When Maurice Denis published his proto-formalist manifesto, the ‘Définition du néo-traditionnisme’, in August 1890, he deployed the rhetorical conventions of what Martha Ward has called the ‘aesthetics of normality’ to devalue academic and naturalist practices by branding them pathological in comparison to what he termed neo-traditionism. Using the words ‘hallucination’, ‘perturbation’, and ‘anomaly’ to describe the minutely detailed work of trompe l’oeil specialists such as Ernest Meissonier, Denis reserved the words ‘pure’, ‘true’, even ‘normal’ for the painting of Pierre Puvis de Chavannes. In the ‘Définition’, the word déformation appeared on the side of naturalism as a false and diseased doctrine. Meissonier had embarked upon a ‘deformation’ of the Dutch tradition, while a mania for mimesis had ‘deformed the eye of the Academy’s teachers’.
But one year later, Denis made deformation central to his symbolist visual practice and soon, as my epigraph suggests, his modernist theories. In 1891, Denis exhibited a highly distorted female nude enigmatically entitled Décor, positioning the painting to court the attention of symbolist critics, to rival other modernist nudes, and to function as a corollary to the ‘Définition’, a visual demonstration that a painting, ‘before being a battle horse, a female nude, or some other anecdote, is essentially a flat surface covered in colours arranged in a certain order’. In a letter to a critic that he surely anticipated would be published, Denis proclaimed the work to be a ‘study in subjective deformation’. But while the ‘Définition’ proved a success, an apparent licence for modernist abstraction, Décor failed to find many admirers. Denis withdrew it from the public realm (it remains untraced) and by and large tamed the distortions of his painted female bodies. When Denis salvaged deformation for his symbolist theory, he argued that symbolist painting was ideally a balance between the extreme ‘subjective deformations’ exemplified by Vincent van Gogh and the ‘objective deformations’ manifested by Paul Gauguin. This manoeuvre, underpinned by Denis’s education in positivist philosophy, revalued deformation’s pathological associations, providing deformation with a scientificist cast, which in turn eased modernism’s discursive tendency to separate form from content.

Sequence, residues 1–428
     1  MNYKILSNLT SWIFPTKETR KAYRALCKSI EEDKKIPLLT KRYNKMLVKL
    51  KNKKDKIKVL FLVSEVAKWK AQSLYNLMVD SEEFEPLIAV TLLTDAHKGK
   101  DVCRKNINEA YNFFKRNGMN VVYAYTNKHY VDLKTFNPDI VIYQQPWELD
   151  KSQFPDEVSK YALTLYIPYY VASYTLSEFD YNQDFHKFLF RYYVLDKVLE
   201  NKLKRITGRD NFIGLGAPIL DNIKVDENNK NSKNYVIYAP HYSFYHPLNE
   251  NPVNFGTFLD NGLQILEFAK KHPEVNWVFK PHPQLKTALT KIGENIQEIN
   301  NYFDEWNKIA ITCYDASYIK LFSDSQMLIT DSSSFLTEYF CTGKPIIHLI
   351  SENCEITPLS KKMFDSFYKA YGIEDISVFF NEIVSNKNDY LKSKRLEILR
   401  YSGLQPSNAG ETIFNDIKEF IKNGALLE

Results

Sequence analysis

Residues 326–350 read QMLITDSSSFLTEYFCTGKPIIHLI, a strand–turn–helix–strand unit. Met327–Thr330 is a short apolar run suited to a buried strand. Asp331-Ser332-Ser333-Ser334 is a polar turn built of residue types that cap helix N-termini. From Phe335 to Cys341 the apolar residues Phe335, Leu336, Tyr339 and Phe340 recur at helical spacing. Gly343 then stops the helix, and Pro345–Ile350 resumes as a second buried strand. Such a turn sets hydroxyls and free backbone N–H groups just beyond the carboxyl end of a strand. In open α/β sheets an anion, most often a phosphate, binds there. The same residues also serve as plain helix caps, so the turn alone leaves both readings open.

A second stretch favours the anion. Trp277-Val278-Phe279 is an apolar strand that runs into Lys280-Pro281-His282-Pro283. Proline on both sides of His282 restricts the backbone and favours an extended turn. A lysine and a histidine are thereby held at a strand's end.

Conserving as it does some chimerical notion of right, correct, or true form, deformation has been identified as a false problem for modernism. Richard Shiff, approaching this ‘inherently evasive subject’, argued that déformation, which he translated as ‘distortion’, was a widely deployed strategy of the late nineteenth century that functioned largely as a guarantee of artistic sincerity. His argument deflates critics who denigrated modernism by comparing its visual language to physiological deformity. But in normalizing modernist deformation as a sign of authenticity, Shiff also neutralized it, eliding the conjunctions at play between deformation, pathology, and the body in the nineteenth and early twentieth centuries. Alongside concerns over socio-cultural degeneration, those associations tightened at the fin-de-siècle at the same moment that critics and artists were increasingly debating deformation as an artistic strategy.
The critical dispute exacerbated by the exhibition of Décor centred on whether deformation of the human body, and especially the female nude, could ever constitute the basis for a viable symbolist art practice. Many critics, including Alphonse Germain and Yvanhoé Rambosson, said that it could not, arguing that deformation could never be anything but a dangerous sign of pathology. Others avoided the issue, perhaps aware that deformation could only too easily be mobilized to denigrate representations of a body unpalatable to particular tastes and ideologies. Denis offered the first modernist solution to this problem by placing deformation at the very centre of his understanding if not his execution of symbolist visual form, but only after revaluing pathology and thus diminishing its pejorative connotations. He did this by instituting a continuum between subjective and objective deformation effectively modelled on nineteenth-century positivist assumptions about the essential, continuous, and useful relationship between the normal and the pathological.